Using DNS for LAN IPs
Remembering IP addresses is not especially much fun. (... still more fun than remembering IPv6 addresses though.) Furthermore, virtualhosts don't really work with IP addresses (... they also shouldn't really exist, but that's besides the point.) So, therefore, people use DNS to give these things names.
Setting up DNS for your internal network (e.g. your 192.168 subnets, or a Tailscale network) might be somewhat tricky though. Typically, you'd set up the LAN DHCP server as the authoritative one for clients on the LAN; solutions like e.g. Unbound DNS for OPNSense, which would neatly update a DNS zone of your choice with the hostnames it was handing out via DHCP. Tailscale itself has a solution along these lines.
Of course, this won't work if clients are doing DNS over HTTPS and want to get around your local resolver. Or if you set up your VPN connection wrong. Or... for various other reasons.
A relatively simple solution
... is to just stop making your local DNS names local only. Make them visible from everywhere!
If you have a domain name, you can just add records to it, e.g. your-local-server.your-domain.com could have an A record, pointing to 192.168.42.42, which happens to be the server in question. You can set up additional virtualhosts by adding CNAME records, pointing to the same machine name. That way if the IP address changes, you'd only need to edit one record.
(... if you don't have a domain name... you should get one because they are neat? but I'd assume someone will let you do all this on a subdomain for free, too, probably.)
You can actually do all this by hand. Whenever you registered your domain name has a UI for this. And even if your IPs are handed out via DHCP... they don't tend to change a lot. (With Tailscale, they definitely won't change a lot.)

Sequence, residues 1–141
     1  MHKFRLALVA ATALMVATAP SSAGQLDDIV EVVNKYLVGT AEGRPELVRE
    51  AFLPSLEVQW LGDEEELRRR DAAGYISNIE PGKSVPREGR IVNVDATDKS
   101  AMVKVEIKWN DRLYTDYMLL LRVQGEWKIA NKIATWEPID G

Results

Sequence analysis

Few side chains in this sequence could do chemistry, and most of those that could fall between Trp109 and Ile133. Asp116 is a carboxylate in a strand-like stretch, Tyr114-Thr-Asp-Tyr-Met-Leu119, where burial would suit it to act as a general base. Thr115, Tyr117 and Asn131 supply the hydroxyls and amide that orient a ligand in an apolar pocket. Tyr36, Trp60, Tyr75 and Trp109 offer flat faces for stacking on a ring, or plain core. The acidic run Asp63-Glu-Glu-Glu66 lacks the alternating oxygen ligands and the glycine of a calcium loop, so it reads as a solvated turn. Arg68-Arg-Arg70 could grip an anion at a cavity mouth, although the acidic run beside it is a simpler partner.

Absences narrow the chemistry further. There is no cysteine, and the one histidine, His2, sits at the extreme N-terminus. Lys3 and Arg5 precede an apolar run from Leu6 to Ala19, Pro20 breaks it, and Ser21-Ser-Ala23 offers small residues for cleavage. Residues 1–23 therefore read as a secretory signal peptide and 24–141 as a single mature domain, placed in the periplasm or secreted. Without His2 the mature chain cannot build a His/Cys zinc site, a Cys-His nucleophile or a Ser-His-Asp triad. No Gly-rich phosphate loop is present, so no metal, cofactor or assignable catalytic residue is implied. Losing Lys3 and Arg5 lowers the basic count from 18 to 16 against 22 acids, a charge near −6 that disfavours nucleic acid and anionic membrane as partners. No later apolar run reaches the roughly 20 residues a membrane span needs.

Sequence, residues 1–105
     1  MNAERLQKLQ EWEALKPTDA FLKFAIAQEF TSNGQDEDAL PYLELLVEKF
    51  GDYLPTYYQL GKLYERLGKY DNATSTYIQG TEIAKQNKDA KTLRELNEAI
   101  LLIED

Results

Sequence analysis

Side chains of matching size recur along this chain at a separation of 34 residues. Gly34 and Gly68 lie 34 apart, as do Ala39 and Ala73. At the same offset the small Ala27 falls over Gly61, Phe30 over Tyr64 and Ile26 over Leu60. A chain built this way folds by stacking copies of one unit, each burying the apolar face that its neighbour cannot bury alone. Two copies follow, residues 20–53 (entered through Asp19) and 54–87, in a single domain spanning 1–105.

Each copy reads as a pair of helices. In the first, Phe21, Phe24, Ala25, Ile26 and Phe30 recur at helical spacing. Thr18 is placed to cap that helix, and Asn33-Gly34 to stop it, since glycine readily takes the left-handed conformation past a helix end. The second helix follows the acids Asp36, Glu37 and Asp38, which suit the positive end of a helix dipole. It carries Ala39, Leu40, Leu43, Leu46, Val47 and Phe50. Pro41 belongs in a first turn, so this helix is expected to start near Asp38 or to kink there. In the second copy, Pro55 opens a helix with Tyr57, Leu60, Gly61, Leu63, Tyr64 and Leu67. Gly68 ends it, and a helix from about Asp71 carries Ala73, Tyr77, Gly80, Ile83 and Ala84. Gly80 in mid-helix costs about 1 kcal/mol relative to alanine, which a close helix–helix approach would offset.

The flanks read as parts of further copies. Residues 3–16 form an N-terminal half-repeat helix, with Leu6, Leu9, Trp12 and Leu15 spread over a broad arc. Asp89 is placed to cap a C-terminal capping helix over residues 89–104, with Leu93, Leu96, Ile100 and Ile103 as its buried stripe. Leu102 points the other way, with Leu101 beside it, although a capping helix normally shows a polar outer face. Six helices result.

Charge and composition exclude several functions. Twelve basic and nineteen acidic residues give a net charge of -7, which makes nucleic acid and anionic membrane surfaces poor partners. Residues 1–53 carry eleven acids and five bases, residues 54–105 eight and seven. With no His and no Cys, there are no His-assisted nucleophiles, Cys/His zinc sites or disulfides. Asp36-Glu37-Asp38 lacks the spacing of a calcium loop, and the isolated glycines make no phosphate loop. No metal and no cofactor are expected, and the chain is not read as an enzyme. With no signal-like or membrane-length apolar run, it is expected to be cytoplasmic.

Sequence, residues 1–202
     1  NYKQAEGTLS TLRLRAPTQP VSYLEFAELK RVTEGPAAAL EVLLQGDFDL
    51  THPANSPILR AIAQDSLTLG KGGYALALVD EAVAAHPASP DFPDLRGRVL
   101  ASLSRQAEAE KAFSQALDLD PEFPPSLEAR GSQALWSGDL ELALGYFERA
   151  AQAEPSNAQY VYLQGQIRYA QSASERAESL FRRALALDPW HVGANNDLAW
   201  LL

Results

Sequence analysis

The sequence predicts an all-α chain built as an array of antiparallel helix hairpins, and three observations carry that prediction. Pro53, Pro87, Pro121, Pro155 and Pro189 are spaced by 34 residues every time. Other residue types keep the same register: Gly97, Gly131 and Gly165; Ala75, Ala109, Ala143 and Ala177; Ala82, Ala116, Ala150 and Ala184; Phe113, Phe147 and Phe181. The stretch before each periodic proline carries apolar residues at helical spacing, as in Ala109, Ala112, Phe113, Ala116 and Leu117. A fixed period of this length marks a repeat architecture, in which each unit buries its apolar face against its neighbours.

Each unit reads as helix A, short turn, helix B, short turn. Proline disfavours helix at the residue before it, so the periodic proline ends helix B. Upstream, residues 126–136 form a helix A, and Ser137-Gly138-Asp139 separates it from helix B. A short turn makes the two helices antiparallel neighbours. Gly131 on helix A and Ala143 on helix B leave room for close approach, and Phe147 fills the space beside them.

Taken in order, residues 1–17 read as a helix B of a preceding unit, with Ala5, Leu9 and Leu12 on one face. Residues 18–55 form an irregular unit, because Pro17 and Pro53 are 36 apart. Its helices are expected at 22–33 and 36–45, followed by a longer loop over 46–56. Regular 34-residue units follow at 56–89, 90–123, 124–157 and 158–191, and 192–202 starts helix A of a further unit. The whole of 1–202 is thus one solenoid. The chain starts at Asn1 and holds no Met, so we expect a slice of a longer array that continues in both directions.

Of course, these addresses won't work outside of the local network they're designed to be used in. We don't particularly care though!
You probably shouldn't be doing this if you're praising yourself for being a Very Secure Organization. Main reason number 1 being: you're reading a post written by someone who is not even a security expert; you probably shouldn't just believe anything that it says.
However... things aren't too bad, really. To begin with, you aren't even really exposing your internal IPs to anyone: they'll only be able to get them if they know the name of the machines. Being able to take that step might help an attacker, but... it's not a lot.
Of course, DNS queries now travel outside of your home network, too, so people might do some weird things to them. But then... you might be able to start using things like DNSSEC this way (since your "internal" IPs are now served by a Fancy Official DNS Server that might have all these things set up), so you might even gain some security doing this.